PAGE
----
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Trump and Republicans have a suburban problem

President Donald Trump’s Republican Party has a suburban problem, and it’s not clear that they know what to do about it.

As urban areas become more Democratic leaning and rural areas move to the right, the suburbs are likely going to be where the 2020 election is decided. Tuesday’s elections suggest Trump and the Republicans have ground to make up.

The most glaring trouble spot for Republicans on Tuesday was in Kentucky. Democrat Andy Beshear is poised for victory over Republican Gov. Matt Bevin in the race for governor in part because of what happened in the Cincinnati suburbs.

Look at Kenton County, which is the third most populous county in the state. Beshear took it by a point — matching his statewide margin nearly perfectly. In 2016, Trump won Kenton by 26 points. When Bevin was elected in 2015, he took it by 18 points. That was well ahead of his 9-point statewide margin.

Bevin also struggled in Campbell County, right next to Kenton. Beshear won Kenton by 6 points. Trump won Kenton by nearly 25 points in 2016. Bevin easily beat Democrat Jack Conway by 12 points there in 2015.

This suburban shift wasn’t just a Kentucky phenomenon. Even in the Mississippi governor’s race, we saw clear movement away from Republicans in suburban areas. DeSoto County has long been a GOP bastion, and, in good news for Republicans, it still is. The problem: The margins have shrunk in the Trump era.

Mitt Romney won it by 33 points in 2012, Gov. Phil Bryant took it by over 60 points in 2015 and Trump won it by 34 points in 2016.

But on Tuesday, Republican Tate Reeves won DeSoto by 23 points. It was reminiscent of what occurred in the 2018 special Mississippi Senate election, when Republican Cindy Hyde-Smith won DeSoto by 18 points.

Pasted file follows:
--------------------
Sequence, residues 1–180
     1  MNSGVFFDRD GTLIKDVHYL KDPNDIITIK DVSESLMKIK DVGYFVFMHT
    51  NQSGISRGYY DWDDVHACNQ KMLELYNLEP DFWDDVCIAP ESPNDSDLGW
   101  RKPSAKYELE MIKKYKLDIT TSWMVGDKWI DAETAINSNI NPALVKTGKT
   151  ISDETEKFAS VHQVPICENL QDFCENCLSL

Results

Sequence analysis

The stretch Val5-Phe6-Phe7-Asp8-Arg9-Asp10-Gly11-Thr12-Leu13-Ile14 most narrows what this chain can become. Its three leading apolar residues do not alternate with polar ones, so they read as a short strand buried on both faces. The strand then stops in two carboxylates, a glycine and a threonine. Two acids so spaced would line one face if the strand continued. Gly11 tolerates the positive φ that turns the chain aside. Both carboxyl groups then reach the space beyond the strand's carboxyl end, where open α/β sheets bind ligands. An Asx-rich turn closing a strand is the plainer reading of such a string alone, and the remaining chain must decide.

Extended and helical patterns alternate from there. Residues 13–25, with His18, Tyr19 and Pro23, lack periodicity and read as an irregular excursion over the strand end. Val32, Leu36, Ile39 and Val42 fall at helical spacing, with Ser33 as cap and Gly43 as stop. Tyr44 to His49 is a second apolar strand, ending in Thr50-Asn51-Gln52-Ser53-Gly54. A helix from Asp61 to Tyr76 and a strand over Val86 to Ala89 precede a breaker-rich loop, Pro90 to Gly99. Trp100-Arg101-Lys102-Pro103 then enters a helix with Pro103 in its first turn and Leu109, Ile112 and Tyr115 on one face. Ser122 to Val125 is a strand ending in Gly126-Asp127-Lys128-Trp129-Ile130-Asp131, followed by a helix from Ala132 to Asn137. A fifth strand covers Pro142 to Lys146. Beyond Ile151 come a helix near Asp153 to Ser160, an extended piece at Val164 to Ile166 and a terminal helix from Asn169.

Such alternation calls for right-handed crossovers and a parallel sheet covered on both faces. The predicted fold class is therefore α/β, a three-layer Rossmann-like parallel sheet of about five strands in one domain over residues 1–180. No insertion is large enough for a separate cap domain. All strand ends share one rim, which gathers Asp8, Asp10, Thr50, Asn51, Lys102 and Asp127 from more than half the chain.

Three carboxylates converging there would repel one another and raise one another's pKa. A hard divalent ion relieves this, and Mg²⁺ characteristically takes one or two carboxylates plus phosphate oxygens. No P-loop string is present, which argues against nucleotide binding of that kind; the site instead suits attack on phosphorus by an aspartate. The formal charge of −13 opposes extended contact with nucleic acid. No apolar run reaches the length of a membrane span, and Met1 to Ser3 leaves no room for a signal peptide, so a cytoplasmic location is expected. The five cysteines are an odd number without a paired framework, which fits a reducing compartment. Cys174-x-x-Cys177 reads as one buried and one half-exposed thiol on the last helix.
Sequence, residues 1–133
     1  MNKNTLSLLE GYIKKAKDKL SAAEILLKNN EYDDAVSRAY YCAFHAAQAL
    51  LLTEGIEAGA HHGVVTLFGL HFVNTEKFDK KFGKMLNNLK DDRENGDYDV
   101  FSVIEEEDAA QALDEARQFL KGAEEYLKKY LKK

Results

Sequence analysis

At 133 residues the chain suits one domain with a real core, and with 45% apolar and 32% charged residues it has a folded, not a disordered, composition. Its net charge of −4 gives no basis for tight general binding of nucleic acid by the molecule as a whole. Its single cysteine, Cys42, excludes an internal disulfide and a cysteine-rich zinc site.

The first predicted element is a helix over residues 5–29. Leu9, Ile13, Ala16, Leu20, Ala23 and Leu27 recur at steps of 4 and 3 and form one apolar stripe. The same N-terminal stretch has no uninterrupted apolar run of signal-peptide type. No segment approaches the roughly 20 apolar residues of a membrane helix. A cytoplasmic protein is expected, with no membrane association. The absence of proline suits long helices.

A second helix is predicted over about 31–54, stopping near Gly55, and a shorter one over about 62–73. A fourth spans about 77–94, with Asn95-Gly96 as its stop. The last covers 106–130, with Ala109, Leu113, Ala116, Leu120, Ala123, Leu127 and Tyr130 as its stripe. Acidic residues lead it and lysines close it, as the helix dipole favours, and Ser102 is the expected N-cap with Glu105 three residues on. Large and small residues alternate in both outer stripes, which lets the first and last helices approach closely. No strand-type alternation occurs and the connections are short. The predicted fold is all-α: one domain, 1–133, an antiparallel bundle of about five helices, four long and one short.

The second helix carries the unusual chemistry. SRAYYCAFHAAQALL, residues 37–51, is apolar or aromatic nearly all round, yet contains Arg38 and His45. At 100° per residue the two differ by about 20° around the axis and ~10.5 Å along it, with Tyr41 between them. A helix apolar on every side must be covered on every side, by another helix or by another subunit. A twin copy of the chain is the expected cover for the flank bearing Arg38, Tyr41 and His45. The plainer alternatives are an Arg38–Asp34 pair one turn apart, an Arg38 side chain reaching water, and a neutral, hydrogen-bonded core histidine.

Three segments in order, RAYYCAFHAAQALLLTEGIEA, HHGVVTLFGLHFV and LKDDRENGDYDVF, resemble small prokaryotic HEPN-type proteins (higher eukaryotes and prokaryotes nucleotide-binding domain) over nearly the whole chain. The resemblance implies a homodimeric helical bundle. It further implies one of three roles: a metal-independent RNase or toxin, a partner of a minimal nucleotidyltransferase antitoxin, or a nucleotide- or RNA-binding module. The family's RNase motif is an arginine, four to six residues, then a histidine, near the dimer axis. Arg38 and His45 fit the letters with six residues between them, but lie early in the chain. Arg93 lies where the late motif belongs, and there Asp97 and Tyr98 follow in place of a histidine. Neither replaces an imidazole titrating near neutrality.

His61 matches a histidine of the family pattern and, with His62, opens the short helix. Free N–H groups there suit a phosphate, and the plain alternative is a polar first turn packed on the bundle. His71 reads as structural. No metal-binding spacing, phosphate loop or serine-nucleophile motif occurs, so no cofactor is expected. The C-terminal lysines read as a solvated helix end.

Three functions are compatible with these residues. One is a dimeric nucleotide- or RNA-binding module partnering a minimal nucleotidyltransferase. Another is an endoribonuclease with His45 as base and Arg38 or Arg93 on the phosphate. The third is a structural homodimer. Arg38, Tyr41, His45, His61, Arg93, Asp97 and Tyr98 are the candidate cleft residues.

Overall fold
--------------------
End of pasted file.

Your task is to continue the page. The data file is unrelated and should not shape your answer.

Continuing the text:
And it wasn’t only statewide elections where suburban voters seemed to abandon the GOP. In local elections in the Northeast, voters went for Democrats; for example, Democrats held onto their majority in the New York’s Suffolk County legislature, which had been trending Republican in recent years. This was a county that voted for Trump by 7 points in 2016.

In Pennsylvania, the Philadelphia suburbs were seeing blue. Democrats captured the Bucks County Board of Commissioners for the first time since 1983. Trump lost Bucks by a single point in 2016. Additionally, Democrats wrestled control of the Chester County legislature. Chester was a county that flipped from Romney in 2012 to Hillary Clinton in 2016.

Perhaps the worst news of the night for Republicans came in the suburbs of Virginia. Democrats took control of the state House and Senate on Tuesday. If you look at the state House and Senate maps, you’ll see that there is very little red anywhere close to Washington, DC.

It would be a mistake, though, to think that this was just the Washington suburbs that were upset. Democrats won because they did well in the Richmond suburbs as well. A key Senate pick up came from Democrat Ghazala Hashmi. She became the first Muslim-American to be elected to the Virginia Senate by defeating Republican state Sen. Glen Sturtevant.

The Virginia results might be our most insightful clue as to what will happen in 2020. In 2017, Democrats won the state House popular vote by 9 points on strength in the suburbs. A year later, they won the national House vote by 9 points and the control of the House on the strength of the suburbs.

In 2019, Democrats are winning the Virginia House vote by 9 points.

We’ll just have to wait and see what that means for 2020.

CNN

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